I’ve said before—I’m willing to work, to edit, to take the hard words and the real truth and criticism, to collaborate, to re-do, and to listen.

My part, for now, is to write. To do anything else is to bury the talent.

 What gift has God given you to steward? Do you need to resurrect the talent from a shallow grave?  [Click to Tweet!]

Writer-friends:  Advice for me? What's your writing plan? How do you keep your "I won't quit" attitude? [Click to Tweet!]

Monday, November 30, 2015

The Habits of Marriage: Establishing a Prayer Time

We said last Monday that we wanted to share five good habits for your marriage. A habit should be a regular practice, something you naturally do. While some habits might be developed subconsciously (biting your nails, for example), a good habit usually has to be fostered, developed, cultivated. In short, good habits come from intentional choices we make every day. 

Today I want to post about establishing a prayer time with your spouse. 

For some, this topic might sound challenging. You might think: We’re too busy; our schedules are off—I’m coming when he’s going; and by the time we get to the end of the day, I’m too exhausted to pray. If that’s you—I have some encouragement…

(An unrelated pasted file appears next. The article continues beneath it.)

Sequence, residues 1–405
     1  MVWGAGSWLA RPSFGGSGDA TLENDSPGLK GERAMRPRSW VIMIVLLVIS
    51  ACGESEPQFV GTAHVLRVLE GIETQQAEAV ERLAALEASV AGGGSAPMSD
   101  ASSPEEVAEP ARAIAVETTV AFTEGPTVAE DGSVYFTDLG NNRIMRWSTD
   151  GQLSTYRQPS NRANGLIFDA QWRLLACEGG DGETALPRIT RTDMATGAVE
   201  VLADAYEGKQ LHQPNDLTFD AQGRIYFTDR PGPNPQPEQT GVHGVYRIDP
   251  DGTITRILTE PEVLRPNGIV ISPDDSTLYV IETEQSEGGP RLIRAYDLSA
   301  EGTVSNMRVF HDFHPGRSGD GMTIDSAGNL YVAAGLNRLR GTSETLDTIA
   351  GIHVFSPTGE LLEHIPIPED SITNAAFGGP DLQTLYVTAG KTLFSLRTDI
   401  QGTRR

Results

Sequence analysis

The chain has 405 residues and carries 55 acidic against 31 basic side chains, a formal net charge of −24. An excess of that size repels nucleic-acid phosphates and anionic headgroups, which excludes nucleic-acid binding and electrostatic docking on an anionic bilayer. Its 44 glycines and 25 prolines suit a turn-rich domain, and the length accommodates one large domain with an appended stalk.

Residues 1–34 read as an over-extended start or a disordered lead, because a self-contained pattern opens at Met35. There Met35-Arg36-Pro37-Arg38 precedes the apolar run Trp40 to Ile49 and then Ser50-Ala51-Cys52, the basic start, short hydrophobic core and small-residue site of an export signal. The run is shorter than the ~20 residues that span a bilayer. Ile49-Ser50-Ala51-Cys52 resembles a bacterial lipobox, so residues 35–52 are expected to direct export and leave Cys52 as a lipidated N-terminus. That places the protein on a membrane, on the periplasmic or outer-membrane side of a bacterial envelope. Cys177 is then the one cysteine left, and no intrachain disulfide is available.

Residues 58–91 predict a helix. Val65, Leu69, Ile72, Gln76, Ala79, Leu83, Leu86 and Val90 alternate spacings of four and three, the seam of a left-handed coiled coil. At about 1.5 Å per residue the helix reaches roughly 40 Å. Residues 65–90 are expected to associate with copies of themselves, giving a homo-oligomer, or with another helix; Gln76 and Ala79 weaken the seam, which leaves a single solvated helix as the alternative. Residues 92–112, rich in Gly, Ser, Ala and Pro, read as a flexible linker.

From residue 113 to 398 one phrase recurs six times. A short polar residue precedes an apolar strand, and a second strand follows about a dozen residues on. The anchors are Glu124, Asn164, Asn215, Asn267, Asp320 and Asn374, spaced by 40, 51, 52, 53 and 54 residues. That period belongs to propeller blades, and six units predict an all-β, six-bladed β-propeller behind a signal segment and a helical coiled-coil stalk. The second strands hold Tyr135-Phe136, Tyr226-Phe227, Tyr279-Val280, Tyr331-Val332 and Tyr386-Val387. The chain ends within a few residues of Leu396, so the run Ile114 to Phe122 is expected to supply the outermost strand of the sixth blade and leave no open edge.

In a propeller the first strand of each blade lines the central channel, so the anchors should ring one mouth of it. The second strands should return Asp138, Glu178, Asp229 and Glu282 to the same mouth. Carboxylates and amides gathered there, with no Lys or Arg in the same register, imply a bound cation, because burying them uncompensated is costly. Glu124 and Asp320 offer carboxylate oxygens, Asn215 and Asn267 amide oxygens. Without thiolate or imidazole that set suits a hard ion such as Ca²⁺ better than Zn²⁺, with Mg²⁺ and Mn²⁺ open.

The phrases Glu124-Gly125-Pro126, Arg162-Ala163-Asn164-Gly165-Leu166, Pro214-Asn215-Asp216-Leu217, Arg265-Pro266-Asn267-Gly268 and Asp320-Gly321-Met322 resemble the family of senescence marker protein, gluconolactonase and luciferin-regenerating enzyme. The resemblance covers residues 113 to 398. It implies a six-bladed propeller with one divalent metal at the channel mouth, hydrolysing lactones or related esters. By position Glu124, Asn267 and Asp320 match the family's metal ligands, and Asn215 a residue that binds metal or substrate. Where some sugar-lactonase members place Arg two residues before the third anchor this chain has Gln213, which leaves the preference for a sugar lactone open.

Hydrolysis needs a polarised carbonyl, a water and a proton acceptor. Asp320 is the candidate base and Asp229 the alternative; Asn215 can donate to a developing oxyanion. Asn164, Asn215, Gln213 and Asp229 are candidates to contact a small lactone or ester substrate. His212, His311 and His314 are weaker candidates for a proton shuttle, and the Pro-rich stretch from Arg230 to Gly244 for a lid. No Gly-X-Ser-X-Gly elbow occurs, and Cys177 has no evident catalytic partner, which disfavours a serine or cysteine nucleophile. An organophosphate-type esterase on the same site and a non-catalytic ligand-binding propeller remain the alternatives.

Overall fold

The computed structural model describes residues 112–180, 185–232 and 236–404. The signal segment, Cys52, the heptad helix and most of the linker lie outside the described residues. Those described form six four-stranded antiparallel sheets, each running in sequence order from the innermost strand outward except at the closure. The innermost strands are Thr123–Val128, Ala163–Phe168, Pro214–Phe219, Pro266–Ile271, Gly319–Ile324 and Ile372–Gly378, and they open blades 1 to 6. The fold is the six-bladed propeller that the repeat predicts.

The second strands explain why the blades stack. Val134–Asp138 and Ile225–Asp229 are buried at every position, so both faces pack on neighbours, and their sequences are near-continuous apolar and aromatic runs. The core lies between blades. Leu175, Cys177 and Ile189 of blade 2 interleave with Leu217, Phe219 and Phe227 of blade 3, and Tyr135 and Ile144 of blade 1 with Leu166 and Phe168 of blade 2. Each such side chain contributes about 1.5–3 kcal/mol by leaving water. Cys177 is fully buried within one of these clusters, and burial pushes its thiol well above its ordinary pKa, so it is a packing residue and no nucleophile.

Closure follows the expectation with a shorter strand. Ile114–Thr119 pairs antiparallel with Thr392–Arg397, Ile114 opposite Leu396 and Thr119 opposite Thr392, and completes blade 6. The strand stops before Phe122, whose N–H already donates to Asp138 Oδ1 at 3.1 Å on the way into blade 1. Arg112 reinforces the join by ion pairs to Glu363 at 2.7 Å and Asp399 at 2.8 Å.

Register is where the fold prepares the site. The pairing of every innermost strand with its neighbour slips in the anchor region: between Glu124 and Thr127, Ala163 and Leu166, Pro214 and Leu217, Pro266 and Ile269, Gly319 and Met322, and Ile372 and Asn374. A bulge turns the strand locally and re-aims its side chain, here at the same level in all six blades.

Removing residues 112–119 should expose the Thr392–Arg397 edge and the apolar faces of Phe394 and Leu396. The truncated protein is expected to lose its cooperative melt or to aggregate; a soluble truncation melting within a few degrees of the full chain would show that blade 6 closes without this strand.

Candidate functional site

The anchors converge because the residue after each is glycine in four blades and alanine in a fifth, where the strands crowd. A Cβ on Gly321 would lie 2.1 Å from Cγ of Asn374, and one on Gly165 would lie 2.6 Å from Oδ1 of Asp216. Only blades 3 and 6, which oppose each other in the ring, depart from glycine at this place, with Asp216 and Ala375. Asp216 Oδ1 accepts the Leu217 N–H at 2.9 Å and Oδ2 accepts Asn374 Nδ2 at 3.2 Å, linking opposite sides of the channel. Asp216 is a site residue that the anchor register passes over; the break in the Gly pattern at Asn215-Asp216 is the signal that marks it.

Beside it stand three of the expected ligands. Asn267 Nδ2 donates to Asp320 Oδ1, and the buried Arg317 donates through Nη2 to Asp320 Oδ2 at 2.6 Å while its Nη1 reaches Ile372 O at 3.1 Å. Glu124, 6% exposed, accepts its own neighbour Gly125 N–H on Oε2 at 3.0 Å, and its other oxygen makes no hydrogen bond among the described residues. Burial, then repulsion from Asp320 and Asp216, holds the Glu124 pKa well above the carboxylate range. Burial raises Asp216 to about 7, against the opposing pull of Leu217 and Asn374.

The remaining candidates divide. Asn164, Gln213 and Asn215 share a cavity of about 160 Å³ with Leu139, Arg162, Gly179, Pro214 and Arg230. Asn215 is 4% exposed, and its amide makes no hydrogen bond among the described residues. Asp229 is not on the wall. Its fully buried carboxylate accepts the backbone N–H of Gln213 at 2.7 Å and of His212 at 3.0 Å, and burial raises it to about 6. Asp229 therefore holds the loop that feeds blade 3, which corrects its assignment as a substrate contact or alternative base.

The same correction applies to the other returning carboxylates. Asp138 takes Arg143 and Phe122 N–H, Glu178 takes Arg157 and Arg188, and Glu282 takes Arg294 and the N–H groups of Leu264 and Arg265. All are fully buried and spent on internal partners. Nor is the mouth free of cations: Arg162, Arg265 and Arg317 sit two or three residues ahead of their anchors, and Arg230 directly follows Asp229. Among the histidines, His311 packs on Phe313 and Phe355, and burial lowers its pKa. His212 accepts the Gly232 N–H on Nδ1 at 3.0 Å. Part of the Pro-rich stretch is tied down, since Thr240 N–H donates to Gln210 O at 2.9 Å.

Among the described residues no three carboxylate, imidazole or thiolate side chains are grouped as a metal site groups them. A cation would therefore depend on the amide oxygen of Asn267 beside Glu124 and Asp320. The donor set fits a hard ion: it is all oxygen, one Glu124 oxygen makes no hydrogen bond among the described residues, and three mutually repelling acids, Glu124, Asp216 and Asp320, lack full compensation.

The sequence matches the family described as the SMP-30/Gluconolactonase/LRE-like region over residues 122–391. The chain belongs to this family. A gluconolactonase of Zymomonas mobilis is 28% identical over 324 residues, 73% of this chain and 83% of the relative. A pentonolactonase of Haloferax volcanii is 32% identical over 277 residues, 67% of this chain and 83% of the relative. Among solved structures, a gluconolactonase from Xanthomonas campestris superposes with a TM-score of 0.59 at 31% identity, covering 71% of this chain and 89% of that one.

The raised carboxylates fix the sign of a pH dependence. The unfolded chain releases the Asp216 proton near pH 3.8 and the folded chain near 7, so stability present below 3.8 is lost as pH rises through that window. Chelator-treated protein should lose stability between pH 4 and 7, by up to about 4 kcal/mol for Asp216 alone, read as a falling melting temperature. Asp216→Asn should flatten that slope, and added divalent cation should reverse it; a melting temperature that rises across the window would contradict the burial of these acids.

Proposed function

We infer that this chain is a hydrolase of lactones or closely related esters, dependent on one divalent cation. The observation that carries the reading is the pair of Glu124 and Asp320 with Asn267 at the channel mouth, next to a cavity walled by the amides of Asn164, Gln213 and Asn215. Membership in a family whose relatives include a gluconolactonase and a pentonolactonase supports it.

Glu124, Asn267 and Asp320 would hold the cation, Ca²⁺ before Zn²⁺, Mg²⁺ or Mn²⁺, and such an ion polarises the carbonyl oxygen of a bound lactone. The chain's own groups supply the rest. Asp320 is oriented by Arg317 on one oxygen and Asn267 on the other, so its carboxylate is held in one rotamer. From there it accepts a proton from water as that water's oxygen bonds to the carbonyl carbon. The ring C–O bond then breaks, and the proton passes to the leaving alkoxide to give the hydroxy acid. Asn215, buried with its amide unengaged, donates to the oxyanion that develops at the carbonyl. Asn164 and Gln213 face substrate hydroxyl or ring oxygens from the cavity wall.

But others of you (wives, especially), might think the idea sounds amazing and spiritual—and now if only I could get my husband to participate, right? 

For our wedding, someone gave us a devotional book for married couples. I thought that sounded fantastic—Yes, let’s do devotions and hold hands and pray together, every. night. forever. 

But, like most of our first few years of marriage, myexpectations were ridiculous and unattainable (even for myself). I had a picture of what spiritual looked like, and we hardly measured up. 

For one, I could never get Howell to lead, no matter how much I nagged. What I didn’t know then is that my husband didn’t lead because I was busy playing boss. What I also didn’t know then is that he felt inadequate to lead because when I “reprimanded” him for being such a “terrible spiritual leader,” I was actually reinforcing what he already believed about himself. 

I thought having a prayer time with your spouse meant hours of praying together, praying in the spirit, pouring our hearts out. If the prayer time wasn’t long and if it wasn’t emotionally satisfying, then it was not enough

No wonder we weren’t consistent. No wonder Howell felt defeated. Who can perform like that every single day?